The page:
What is it?
Mindful Eating is eating with intention and attention. Eating is a natural, healthy pleasurable activity for satisfying hunger. However, in our food abundant, diet-obsessed culture, eating is often mindless, consuming, and guilt inducing. Mindful eating is an ancient practice that helps resolve troubled, love-hate relationships with food.
There are two parts to Mindful Eating:
1. Eating with the intention of caring for yourself, because you know food along with exercise and stress control are the key predictors of future health.
2. Eating with the attention necessary to notice and enjoy your food and its effects on your body.
Why should I try it?
Eating mindfully helps bring us to our bodies and keep us there, so that we can receive the messages from our body about hunger and satiation. It is the first step to examining your relationship with food, in hopes of changing it for the better. In time, it helps us recognize non-hunger triggers for eating, chose food for both enjoyment and nourishment, and eat for optimal satisfaction and satiety. In 2010, research showed that mindfulness based strategies significantly reduced food cravings in overweight adult populations.
How do I do it?
There are guided techniques for practicing mindful eating such as Jean Kristellar’s Mindfulness-Based Eating Awareness Training (MB-EAT) which teach people how to taste their food, recognize their levels of hunger and fullness, and be more accepting of their food preferences. One exercise involves eating a few raisins slowly, paying close attention to their flavor sensations and how they change with time.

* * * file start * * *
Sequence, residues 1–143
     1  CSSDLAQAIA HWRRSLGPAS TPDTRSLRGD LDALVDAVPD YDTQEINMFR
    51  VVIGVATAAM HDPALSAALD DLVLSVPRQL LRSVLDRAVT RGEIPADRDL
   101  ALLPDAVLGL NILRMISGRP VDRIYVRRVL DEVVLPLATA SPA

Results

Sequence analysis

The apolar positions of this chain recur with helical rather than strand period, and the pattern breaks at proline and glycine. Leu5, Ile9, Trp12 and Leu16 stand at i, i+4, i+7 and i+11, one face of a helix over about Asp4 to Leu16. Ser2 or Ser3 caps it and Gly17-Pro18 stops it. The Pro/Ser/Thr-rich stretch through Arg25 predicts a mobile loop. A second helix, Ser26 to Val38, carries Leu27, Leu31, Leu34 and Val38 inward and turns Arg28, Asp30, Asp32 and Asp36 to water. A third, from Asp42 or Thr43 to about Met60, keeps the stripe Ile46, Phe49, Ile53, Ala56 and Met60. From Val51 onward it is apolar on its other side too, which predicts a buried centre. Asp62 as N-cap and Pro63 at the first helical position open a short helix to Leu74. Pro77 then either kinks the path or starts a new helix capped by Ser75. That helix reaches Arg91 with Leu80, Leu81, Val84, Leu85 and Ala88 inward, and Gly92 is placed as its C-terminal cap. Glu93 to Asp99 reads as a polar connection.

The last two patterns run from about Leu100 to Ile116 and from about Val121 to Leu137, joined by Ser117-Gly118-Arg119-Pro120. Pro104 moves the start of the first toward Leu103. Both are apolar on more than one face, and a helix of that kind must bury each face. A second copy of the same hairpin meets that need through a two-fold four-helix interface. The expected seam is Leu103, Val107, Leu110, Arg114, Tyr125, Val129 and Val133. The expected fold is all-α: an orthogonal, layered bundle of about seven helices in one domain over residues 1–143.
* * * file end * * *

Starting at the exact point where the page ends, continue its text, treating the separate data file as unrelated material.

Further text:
Tips for Eating Mindfully:
- Turn off the TV, put away the newspaper, don’t do anything but eat.
- Before taking your first bite, take a few deep breaths to slow yourself down from a hard days work. This helps connect your mind and body.
- When you look at the food on the table, try naming each dish: “arugula salad,” “pea soup,” and so on.
- If eating with others, steer mealtime conversation toward the food: acknowledge the local farmer who grew your lettuce and tomatoes, thank the person who prepared the fish, or talk about other topics that help nourish your gratitude and connection to your food and each other.
- Refrain from hashing over work or the latest atrocities in the news; refrain from arguing. (In Vietnam, it is customary to never chastise anyone while they are eating so as not to disturb their digestion.)
- Engage all your senses; notice the sounds, colors, smells, and textures, as well as your mind’s response to them.
- Savor small bites and chew thoroughly.
- Slow down: try consciously putting your utensils down in between bites.
- Don’t skip meals: skipping meals can make it harder to make mindful choices.
Thoughts? Share them in the Comments below!
 Alberts, et al. (2010) Coping with food cravings. Investigating the potential of a mindfulness based intervention. Appetite: Eating and Drinking,